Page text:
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Photograph of a spray-induced moonbow (lunar rainbow) at Victoria Falls (Zambia side)

A moonbow (also known as a moon rainbow or lunar rainbow) is a rainbow produced by moonlight rather than direct sunlight. Other than the difference in the light source, its formation is the same as for a solar rainbow: It is caused by the refraction of light in many water droplets, such as a rain shower or a waterfall, and is always positioned in the opposite part of the sky from the Moon relative to the observer.[citation needed]

Lunar rainbow over Kihei, Maui, Hawaii, US

Moonbows are much fainter than solar rainbows, due to the smaller amount of light reflected from the surface of the Moon. Because the light is usually too faint to excite the cone color receptors in human eyes, it is difficult for the human eye to discern colors in a moonbow. As a result, a moonbow often appears to be white.[1] However, the colors in a moonbow do appear in long exposure photographs.

Moonbows have been mentioned at least since Aristotle's Meteorology (circa 350 BC).


Moonbows are most easily viewed when the Moon is at or nearest to its brightest phase full moon. For moonbows to have the greatest prospect of appearing, the Moon must be low in the sky (at an elevation of less than 42 degrees, preferably lower) and must not be obscured by cloud. In addition, the night sky must be very dark. Since the sky is not completely dark on a rising/setting full moon, this means they can only be observed two to three hours before sunrise (a time with few observers), or two to three hours after sunset. And, of course, there must be water droplets (e.g. from rain or spray) opposite the Moon. This combination of requirements makes moonbows much rarer than rainbows produced by the daytime sunlight. Moonbows may also be visible when rain falls during full moonrise at extreme latitudes during the winter months when the prevalence of the hours of darkness gives more opportunity for the phenomenon to be observed.[citation needed]

It is said that the definition of the colours depends upon the size of the moisture drops present in the air: the smaller they are the less vivid the colours. Below 1/500 inch diameter they usually refract more or less white light as the component colours are merged. [2]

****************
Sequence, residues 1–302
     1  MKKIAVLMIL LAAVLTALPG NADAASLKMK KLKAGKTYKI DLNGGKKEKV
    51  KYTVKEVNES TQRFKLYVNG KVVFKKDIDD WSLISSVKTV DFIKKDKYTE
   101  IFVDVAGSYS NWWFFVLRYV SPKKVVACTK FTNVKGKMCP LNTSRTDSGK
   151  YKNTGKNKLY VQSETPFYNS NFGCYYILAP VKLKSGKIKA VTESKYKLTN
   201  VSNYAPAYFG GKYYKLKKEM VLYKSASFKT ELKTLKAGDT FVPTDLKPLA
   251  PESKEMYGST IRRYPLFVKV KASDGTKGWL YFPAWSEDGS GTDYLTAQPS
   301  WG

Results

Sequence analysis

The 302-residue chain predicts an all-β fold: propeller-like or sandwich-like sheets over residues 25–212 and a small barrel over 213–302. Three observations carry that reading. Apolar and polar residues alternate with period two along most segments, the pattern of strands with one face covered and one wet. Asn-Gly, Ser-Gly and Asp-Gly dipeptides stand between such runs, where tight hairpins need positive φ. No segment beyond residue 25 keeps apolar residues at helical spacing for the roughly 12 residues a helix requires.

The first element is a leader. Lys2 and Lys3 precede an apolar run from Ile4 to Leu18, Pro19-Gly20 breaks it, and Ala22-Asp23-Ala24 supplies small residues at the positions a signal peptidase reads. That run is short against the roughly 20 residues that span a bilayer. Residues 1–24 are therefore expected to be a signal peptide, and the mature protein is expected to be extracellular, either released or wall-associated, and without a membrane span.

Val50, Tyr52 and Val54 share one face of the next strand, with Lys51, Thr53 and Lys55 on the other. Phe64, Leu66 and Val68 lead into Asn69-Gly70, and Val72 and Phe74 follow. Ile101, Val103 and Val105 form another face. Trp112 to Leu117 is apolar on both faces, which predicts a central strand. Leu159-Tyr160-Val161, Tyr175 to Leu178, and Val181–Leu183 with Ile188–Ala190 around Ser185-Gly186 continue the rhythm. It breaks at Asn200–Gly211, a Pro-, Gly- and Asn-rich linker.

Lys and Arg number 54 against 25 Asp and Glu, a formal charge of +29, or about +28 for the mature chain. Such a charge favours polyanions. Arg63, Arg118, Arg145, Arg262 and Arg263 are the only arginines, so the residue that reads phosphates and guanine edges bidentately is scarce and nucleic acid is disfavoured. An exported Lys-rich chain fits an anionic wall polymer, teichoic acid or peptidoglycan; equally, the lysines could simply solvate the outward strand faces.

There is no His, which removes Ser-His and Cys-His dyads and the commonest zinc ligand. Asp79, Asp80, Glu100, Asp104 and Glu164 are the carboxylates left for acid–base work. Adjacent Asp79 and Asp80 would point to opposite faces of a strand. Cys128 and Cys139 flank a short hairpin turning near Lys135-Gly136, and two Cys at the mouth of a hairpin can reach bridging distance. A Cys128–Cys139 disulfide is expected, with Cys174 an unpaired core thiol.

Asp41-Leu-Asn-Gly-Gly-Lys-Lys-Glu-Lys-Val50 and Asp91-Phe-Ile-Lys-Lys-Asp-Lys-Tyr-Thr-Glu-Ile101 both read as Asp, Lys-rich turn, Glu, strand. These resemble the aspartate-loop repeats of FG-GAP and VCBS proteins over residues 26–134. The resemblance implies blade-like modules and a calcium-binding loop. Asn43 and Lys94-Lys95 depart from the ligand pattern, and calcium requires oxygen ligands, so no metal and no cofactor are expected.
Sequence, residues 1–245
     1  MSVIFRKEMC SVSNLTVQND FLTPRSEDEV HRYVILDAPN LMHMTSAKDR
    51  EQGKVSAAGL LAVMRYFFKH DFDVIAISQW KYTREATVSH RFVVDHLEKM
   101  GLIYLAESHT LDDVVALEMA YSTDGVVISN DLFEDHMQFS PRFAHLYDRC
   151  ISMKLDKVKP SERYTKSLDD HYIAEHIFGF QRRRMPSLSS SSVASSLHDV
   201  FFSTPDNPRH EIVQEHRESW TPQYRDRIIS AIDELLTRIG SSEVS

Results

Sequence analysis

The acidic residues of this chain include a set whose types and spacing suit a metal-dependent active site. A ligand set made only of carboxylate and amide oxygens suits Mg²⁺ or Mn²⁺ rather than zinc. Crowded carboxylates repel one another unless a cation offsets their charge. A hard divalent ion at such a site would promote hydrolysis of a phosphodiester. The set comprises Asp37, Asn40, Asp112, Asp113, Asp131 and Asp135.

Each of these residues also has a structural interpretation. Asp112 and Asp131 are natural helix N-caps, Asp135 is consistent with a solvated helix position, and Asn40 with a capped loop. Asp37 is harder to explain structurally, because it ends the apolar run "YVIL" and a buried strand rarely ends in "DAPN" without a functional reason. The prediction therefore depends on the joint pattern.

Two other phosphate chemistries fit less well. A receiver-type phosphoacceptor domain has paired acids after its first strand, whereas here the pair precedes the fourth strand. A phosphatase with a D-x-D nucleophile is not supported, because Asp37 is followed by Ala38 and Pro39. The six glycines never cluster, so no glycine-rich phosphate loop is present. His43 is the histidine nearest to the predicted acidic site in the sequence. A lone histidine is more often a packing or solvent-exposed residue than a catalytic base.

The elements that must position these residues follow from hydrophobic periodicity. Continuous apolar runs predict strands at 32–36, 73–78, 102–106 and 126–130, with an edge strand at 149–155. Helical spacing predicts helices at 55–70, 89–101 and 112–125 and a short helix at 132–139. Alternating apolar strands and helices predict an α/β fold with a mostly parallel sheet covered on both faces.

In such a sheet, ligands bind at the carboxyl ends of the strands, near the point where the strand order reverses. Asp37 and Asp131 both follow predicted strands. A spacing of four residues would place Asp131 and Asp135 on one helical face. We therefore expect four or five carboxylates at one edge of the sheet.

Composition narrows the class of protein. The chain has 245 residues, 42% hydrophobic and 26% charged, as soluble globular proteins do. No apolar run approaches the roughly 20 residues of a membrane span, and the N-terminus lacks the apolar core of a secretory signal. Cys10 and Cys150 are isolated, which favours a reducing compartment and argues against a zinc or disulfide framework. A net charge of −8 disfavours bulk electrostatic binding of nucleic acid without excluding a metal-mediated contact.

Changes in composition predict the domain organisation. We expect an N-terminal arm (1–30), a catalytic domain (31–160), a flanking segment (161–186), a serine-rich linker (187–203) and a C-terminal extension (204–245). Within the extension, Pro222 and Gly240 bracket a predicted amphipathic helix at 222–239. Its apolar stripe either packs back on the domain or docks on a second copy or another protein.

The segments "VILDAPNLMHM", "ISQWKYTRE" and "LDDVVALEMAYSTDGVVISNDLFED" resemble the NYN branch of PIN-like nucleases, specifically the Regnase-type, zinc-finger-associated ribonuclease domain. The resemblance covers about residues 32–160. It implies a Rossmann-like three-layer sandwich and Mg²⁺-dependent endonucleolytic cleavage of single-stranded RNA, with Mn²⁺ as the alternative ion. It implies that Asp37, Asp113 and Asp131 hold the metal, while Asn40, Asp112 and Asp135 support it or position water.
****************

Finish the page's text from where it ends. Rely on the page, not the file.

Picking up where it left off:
Spray moonbow at the Lower Yosemite Fall

Numerous places in the world feature spray-, fog- or mist-induced bows. In the United States such bows may be seen in relation to various waterfalls including Niagara Falls, New York,[3] Yosemite National Park, California[4] and Cumberland Falls, near Corbin, Kentucky.[5][6] Victoria Falls, on the border between Zambia and Zimbabwe is also widely known for spray moonbows.[7]

Spray moonbows are also seen with some regularity in the cloud forests of Costa Rica, in mountain towns like Monteverde and Santa Elena. These occur when clouds of mist are blown in from the Caribbean by the Christmas Winds. The Christmas Winds happen from the end of December through late January or early February. These clouds of mists create a streaming pattern of stripes giving rise to their popular name in Spanish, pelo de gato ("cat's hair). Moonbows happen in this part of Costa Rica almost every full moon in the months of December through February. The bows that are caused by Pelo de Gato are not limited to just before dawn but can happen after sunset too, but it does need a full or nearly full moon. Moonbows are also found in Kauai, Hawaii, with the moon rising in the east during light rain.

Similar bows are occasionally seen from the Big Island of Hawaii.[8]

See also[edit]


  1. ^ Walklet, Keith S. (2006). "Lunar Rainbows – When to View and How to Photograph a "Moonbow"". The Ansel Adams Gallery. Archived from the original on 2007-06-24. Retrieved 2007-07-09.
  2. ^ Valerie Porter, “The Second Field Book of Country Queries” p. 89
  3. ^ "Goat Island and Luna Island How Did they get The…". Niagara Falls Canada. Retrieved 17 December 2020.
  4. ^ "'Moonbows,' Lunar Rainbows, Visible At Yosemite National Park (VIDEO)". Huffington Post—Green Blog. 15 July 2011. Retrieved 22 December 2012.
  5. ^ Bailey, Bill (1995). "Cumberland Falls State Resort Park". Kentucky State Parks. Saginaw, Michigan: Glovebox Guidebooks of America. ISBN 978-1-881139-13-3.
  6. ^ Manning, Russ (1999). The Historic Cumberland Plateau: An Explorer's Guide. p. 106. ISBN 978-1-57233-044-3. Retrieved 2011-10-28.
  7. ^ "A Lunar Rainbow A Wonderful Sight Not To Be Missed...…". Victoria Falls Activities. Victoria Falls Travel Guide. Retrieved 22 December 2012.
  8. ^ "Photographer captures moonbow over Waimea". Hawaii News Now. June 4, 2012. Retrieved 22 December 2012.

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